Will Hong Kong's 'Parking Space Bubble' Burst?

In Hong Kong, new government policies to curb real estate speculation in housing markets have led investors to turn elsewhere for quick, lucrative profits - the market for parking spaces.

1 minute read

January 5, 2013, 5:00 AM PST

By Erica Gutiérrez


“The hottest properties in this frenetic city have no walls, windows or even front doors. Forget condos, apartments and homes,” writes David Pierson. “Real estate investors are scrambling for parking spaces.”

Parking space transactions are up five-fold and average parking space prices have risen 20% from the previous year. Recorded sales and offers on highly coveted parking spaces can soar past half a million dollars. "This market has gone crazy," says Jacinto Tong, head of the Gale Well Group real estate investment firm who was offered $640,000 for each of two spots in the Wan Chai commercial district, adding,”These spaces aren't worth that much money.”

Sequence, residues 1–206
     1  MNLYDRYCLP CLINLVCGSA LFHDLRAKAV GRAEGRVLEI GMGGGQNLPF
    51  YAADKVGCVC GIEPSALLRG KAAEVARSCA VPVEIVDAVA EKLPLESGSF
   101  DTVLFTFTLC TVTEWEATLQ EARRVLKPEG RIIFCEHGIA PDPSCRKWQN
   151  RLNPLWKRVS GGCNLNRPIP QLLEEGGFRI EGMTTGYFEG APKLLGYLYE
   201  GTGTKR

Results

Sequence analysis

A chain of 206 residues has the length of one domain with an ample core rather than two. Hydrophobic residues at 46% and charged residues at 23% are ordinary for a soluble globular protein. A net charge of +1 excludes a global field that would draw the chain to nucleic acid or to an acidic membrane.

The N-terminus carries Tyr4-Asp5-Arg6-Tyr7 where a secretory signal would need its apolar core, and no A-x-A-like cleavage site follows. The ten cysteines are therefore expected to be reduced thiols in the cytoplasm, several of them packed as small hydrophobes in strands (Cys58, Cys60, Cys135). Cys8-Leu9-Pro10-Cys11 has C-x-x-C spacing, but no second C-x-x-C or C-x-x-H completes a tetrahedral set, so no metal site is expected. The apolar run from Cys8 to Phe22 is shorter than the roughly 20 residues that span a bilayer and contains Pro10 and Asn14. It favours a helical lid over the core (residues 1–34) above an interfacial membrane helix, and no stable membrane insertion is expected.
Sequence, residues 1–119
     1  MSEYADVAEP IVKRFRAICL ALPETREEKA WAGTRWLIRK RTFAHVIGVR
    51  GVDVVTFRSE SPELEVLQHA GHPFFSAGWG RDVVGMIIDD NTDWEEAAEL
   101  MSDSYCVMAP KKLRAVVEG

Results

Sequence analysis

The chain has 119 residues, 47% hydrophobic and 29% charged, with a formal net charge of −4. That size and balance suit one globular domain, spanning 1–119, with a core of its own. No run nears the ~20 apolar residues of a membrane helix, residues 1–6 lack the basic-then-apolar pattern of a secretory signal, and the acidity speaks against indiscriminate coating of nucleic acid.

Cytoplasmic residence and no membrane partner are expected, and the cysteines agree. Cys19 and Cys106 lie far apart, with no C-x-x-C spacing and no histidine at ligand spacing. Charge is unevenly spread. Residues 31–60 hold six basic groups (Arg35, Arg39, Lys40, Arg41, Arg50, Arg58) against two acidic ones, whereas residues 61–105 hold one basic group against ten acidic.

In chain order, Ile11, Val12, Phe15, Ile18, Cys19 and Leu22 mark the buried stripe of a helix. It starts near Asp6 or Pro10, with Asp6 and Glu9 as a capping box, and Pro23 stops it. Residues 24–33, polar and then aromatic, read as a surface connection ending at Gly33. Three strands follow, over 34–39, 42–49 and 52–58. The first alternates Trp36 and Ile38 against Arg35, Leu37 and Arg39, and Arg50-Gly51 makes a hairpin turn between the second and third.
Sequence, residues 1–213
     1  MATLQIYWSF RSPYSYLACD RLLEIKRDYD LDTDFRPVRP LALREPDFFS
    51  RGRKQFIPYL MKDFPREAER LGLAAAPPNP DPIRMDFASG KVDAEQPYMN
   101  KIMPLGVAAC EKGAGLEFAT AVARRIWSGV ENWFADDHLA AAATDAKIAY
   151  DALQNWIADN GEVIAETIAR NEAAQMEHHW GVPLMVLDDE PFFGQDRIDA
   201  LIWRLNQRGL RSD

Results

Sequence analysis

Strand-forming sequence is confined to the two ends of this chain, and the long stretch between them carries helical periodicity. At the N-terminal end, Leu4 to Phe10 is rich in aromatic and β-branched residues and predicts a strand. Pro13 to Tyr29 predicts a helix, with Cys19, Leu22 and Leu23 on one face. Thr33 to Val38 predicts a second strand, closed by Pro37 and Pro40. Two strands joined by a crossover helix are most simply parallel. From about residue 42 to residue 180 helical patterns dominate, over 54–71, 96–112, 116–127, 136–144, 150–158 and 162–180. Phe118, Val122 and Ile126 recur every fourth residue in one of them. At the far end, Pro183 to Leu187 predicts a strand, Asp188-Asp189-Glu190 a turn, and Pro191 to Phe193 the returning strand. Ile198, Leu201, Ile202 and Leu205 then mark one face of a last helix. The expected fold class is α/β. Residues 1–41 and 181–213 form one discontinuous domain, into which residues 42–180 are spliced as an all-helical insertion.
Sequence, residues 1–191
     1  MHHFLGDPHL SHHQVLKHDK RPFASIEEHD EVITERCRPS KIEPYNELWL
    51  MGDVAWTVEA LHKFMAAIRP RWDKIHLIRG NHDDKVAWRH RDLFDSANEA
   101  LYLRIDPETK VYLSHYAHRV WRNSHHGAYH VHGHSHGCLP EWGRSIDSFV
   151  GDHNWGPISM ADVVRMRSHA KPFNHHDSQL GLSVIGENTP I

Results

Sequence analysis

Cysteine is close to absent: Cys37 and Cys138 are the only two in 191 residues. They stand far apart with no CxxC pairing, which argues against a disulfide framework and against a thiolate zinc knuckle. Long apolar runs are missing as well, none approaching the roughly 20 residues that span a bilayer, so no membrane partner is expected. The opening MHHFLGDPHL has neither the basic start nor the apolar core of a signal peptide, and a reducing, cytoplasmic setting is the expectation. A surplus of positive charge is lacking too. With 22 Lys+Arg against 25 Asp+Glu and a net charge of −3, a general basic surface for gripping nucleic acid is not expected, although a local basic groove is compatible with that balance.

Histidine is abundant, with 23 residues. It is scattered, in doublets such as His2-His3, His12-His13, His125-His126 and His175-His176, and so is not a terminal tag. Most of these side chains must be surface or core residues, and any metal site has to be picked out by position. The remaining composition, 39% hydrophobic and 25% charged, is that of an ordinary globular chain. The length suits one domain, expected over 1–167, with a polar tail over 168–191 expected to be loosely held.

While it's unclear whether this is a short- or long-term phenomenon, it can be at least partly attributed to new curbs aimed at reducing housing speculation. "Hong Kong people always have to invest in something," said Shih Wing-ching, chairman of Centaline, one of the largest real estate firms in Hong Kong, and investors who are looking to avoid taxes, for steady rental income, or to flip a quick profit, have turned to parking spaces.

Hat tip to Daniel Lippman.

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